HOSCHTON, Ga. (FOX 5 Atlanta) - It was nearly a full house at the Hoschton City Council meeting Monday night as residents insisted their voices not be silenced about a recent controversy involving the mayor and a city council member.
At the city’s regular meetings, like the one Monday, the public is not allowed time to speak. That’s why Mike Beller held a “Just resign” sign through it all.
“I can’t speak tonight at the council meeting but these two, the mayor and the mayor pro tem, should have resigned four weeks ago,” said Beller.
Mayor Theresa Kenerly is under fire for reported comments that Hoschton isn’t ready to have an African-American city administrator after reports she withdrew the application of a black candidate. Mayor Pro-Tem and city council member Jim Cleveland came to her defense, adding fuel to the fire, saying he was Christian and doesn’t believe in interracial marriage.
Erma Allen Denney, the former Hoschton Mayor, said the widely reported incident has tainted the city’s reputation just as a new high-end development is set to open.
“We should be enjoying this moment to shine in Jackson County and instead we’re continuing to fight against discrimination from the mayor and councilman Cleveland,” said Allen Denney.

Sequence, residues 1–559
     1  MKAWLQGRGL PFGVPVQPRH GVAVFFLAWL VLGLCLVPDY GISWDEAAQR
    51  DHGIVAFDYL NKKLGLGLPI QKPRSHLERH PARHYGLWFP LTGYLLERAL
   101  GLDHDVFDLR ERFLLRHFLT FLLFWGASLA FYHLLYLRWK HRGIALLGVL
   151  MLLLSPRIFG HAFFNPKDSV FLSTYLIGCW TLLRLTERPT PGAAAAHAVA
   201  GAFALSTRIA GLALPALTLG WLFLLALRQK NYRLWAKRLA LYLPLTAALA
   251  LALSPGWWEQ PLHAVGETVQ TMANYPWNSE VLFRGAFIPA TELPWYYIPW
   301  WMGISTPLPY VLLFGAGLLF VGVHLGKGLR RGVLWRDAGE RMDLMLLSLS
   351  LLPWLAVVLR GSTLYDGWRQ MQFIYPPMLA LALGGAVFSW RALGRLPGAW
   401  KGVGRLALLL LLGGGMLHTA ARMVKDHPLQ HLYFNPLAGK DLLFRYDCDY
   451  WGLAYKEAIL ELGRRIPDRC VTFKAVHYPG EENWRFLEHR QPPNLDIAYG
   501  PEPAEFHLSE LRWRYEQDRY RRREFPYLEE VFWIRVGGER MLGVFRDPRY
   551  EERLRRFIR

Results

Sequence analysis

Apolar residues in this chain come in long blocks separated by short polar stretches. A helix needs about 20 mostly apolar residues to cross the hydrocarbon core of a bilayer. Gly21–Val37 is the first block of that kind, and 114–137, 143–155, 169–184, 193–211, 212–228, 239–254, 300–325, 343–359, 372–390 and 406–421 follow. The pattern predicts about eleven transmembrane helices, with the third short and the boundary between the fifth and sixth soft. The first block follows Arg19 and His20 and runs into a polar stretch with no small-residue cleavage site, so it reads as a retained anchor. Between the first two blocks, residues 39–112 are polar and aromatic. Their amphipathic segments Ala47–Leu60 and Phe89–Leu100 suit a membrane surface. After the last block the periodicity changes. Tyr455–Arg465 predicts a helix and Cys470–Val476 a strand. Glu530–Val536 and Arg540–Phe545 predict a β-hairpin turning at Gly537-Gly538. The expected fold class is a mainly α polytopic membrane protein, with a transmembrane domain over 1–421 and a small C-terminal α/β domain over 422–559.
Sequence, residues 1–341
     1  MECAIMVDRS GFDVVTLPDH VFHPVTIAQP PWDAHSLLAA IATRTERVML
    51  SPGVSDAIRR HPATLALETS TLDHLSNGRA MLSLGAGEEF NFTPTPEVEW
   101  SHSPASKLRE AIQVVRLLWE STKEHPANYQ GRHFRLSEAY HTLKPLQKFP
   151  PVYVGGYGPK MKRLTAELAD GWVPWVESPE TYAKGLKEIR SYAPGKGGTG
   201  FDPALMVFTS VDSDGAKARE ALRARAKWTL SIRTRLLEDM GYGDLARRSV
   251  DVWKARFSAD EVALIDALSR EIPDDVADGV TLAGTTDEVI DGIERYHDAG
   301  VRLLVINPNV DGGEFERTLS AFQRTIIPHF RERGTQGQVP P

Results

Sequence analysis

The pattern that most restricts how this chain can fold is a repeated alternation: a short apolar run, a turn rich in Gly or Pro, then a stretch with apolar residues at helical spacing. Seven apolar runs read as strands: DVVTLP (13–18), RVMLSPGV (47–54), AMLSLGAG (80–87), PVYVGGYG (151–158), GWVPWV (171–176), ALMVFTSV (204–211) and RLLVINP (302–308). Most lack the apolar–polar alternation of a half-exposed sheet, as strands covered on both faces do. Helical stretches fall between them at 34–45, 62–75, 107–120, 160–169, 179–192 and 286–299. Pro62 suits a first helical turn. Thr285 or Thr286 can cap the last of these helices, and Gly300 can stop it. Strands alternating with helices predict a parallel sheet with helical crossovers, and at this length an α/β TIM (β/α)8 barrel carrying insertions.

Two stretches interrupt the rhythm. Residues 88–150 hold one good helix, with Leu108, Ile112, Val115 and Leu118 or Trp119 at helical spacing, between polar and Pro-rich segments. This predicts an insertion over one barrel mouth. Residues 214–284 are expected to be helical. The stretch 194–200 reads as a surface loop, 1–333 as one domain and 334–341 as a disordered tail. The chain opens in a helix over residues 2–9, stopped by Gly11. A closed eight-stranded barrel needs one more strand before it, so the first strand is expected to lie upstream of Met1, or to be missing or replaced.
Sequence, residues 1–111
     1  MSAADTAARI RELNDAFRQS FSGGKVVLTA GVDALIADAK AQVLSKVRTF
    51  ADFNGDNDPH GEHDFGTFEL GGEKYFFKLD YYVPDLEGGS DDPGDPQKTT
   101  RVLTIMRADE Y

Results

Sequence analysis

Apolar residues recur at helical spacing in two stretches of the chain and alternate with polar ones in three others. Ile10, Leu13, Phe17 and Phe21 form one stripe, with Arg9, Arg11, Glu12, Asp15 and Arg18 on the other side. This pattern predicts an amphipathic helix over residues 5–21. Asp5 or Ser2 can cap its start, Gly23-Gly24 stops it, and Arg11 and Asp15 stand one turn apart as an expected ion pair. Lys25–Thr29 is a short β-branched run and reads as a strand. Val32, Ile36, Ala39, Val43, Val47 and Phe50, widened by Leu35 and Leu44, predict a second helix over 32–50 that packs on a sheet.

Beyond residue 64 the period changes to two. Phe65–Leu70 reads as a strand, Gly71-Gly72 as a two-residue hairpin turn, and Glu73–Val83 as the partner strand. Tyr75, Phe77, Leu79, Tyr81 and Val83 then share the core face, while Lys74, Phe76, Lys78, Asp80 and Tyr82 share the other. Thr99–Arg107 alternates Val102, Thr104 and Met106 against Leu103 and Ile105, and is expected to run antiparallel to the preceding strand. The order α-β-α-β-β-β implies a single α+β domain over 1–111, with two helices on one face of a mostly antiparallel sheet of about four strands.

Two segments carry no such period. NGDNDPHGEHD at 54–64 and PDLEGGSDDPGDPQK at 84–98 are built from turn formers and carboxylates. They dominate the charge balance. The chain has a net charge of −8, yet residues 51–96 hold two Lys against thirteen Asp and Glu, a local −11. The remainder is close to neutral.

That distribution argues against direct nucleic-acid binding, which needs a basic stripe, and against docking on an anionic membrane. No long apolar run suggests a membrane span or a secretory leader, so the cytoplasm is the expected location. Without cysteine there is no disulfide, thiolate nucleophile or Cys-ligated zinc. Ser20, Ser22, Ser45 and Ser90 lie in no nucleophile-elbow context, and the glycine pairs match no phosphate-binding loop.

Neither Cleveland nor Kenerly had any comment to FOX 5 News when asked about the allegations.
Dozens of code of ethics complaints have been filed against both of them. At his first meeting, Dale Hall, the new city administrator introduced an ordinance for a single officer to look into the ethics complaints. The city does not have an ethics board and even if it did, Kenerly and Cleveland would be exempt.
“Obviously, since all members of the city council were not able to do this we looked at some opportunities to move this forward and get resolution to the matters,” said Hall.
It remains unclear how long before the ethics complaints will be addressed against Mayor Kenerly and councilmember Cleveland.
Shantwon Astin and many others said they’ll keep showing asking the mayor and council member to resign.
“I wish they would for the sanctity of the city but everything takes time,” said Astin.
The next work session of the Hoschton City Council, where the public is allowed to speak, is on June 27.